Our media ecosystem is broken. Americans are continually pummeled online with computational propaganda campaigns, including fake news and manipulated trending topics on Facebook and Twitter. These campaigns drive political conversation from social media feeds to cable news to the White House, but there’s been little acknowledgment of this reality in mainstream political coverage.
Two academic studies, one recent and one from last year, give us a good sense of how social media manipulation plays out online. This week, Oxford Internet Institute’s Computational Propaganda Project released a study that illustrates the disconnect in American political discourse. The study analyzed “junk news” (the term researchers used for fake news and other kinds of misinformation) shared on Twitter and Facebook in the three months leading up to President Donald Trump’s first State of the Union address. It found that on Twitter, Trump supporters shared 95 percent of “junk news” websites that the researchers had identified for their sample, accounting for 55 percent of “junk news traffic in the sample.” Other audiences also shared links from these “junk news sites” but at much lower rate. On Facebook, far-right pages that the researchers collectively called “Hard Conservative Group,” shared 91 percent of the “junk news sites,” accounting for 58 percent of total “junk news” traffic from the sample.
The study’s conclusion of the overall American political conversation online is worth highlighting: “The two main political parties, Democrats, and Republicans prefer different sources of political news, with limited overlap. For instance, the Democratic Party shows high levels of engagement with mainstream media sources and the Republican Party with Conservative Media Groups.” This is similar to last year’s Harvard Berkman Klein Center study of traditional media and social media coverage leading up to the 2016 election. According to the author, whereas liberals and Democrats get their news from mainstream media that are ideologically structured from the center to the left, conservatives increasingly rely on only right and far-right sources in their news consumption.
Social media filter bubbles have received a lot of media coverage but they’re only part of the problem. American political conversation doesn’t just exist in filter bubbles. The influence is lopsided. Right-wing media and social media influence both mainstream media and, by extension, the liberals’ filter bubble (because liberals consume more mainstream news). But the reverse isn’t true.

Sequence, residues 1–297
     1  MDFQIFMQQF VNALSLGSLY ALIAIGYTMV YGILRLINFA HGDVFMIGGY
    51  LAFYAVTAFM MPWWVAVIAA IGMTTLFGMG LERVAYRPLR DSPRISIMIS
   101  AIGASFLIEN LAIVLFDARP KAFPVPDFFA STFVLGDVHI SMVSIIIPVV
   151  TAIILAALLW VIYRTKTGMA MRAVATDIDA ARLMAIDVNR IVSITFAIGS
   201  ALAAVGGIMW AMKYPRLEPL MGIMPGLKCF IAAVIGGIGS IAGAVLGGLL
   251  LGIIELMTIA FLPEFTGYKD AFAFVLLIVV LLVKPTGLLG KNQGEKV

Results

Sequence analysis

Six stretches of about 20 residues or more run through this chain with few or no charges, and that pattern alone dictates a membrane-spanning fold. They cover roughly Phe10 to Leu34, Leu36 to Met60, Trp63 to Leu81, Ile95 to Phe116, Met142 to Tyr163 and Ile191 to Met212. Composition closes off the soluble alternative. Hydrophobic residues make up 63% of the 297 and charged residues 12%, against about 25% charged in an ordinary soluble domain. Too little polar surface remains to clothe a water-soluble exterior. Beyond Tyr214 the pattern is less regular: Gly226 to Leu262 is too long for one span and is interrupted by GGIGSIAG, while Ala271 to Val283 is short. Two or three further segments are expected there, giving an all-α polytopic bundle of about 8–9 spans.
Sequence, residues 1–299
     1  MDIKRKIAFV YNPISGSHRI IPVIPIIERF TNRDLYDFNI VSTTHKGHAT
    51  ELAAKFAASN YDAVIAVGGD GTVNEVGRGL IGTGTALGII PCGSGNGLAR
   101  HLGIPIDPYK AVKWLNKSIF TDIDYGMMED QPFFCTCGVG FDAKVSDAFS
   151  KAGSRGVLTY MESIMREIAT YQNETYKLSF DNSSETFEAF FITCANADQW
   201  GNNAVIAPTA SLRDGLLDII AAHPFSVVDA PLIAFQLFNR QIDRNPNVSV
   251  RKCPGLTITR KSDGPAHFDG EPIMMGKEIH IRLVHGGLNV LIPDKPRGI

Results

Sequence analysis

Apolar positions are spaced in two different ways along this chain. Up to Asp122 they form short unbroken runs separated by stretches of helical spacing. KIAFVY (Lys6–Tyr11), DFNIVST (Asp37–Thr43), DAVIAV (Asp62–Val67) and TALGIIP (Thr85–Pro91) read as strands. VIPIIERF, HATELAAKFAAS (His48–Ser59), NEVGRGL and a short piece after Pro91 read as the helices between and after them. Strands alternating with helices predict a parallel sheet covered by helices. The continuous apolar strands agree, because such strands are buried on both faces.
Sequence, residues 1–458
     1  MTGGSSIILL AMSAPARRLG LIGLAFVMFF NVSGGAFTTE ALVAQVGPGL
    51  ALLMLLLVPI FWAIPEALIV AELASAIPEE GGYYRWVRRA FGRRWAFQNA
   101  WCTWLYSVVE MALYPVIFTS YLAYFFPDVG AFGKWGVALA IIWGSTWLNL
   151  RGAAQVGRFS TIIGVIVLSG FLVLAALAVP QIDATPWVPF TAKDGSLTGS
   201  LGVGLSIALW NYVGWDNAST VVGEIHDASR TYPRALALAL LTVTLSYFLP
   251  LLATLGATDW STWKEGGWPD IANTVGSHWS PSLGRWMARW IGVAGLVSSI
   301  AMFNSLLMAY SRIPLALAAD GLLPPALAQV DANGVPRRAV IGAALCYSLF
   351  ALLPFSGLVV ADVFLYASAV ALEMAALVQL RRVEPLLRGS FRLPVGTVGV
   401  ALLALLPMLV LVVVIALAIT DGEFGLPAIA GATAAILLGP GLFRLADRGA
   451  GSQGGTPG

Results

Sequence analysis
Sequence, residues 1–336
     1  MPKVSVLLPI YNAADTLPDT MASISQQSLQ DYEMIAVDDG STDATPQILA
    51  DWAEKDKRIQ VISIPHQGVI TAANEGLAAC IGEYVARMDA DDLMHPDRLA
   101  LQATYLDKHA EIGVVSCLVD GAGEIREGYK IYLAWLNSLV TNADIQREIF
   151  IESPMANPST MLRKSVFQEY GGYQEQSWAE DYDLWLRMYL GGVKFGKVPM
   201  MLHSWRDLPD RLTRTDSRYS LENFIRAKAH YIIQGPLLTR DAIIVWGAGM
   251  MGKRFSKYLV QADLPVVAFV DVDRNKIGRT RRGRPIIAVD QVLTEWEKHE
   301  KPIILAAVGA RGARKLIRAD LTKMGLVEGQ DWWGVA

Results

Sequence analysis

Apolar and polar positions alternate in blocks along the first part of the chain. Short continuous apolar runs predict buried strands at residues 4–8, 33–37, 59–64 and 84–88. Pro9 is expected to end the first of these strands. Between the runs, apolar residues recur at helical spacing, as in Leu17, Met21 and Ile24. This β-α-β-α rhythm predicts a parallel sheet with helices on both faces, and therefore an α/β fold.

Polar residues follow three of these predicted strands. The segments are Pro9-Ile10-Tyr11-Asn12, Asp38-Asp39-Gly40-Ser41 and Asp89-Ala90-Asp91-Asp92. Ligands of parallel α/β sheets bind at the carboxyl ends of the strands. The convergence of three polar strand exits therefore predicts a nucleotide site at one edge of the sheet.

Media coverage of #ReleaseTheMemo is a prime example of the problem of the manipulation related to this conservative filter bubble. Information warfare expert Molly McKew wrote a detailed analysis of the computational propaganda campaign that pushed the hashtag to go viral on social media, detailing how #ReleaseTheMemo was a “targeted, 11-day information operation” amplified by both Russian trolls and American Trump supporters to “change both public perceptions and the behavior of American lawmakers.” McKew noted that this campaign, which is part of a far-right echo chamber, is “not just about information, but about changing behavior,” and that it can be “surprisingly effective.” But Playbook, Politico’s premier political news product, mentioned the article almost in passing the day after its release, in some ways proving McKew’s point. Despite the fact that Playbook had covered #ReleaseTheMemo campaign often in the previous week, McKew’s article was mentioned far down Sunday’s edition of the newsletter, below a recap of Saturday Night Live’s political sketches.
Computational propaganda is now a standard practice in political communications. Despite the growing body of research studying the phenomenon, media coverage rarely acknowledges the role computational propaganda plays in shaping American political conversation. This disconnect is troubling when you consider how often trending topics on social media drive political media coverage.
As the Oxford study shows, Trump and his army of supporters online are in the driver’s seat. What we see as trending on social media often isn’t organic but the result of sophisticated amplification campaigns, which are part of a far-right echo chamber. The goal of computational propaganda is to manipulate public opinion and behavior. Covering politics in this environment requires both a working knowledge of computational propaganda and a duty to explain to readers when political interest is driven by social media manipulation.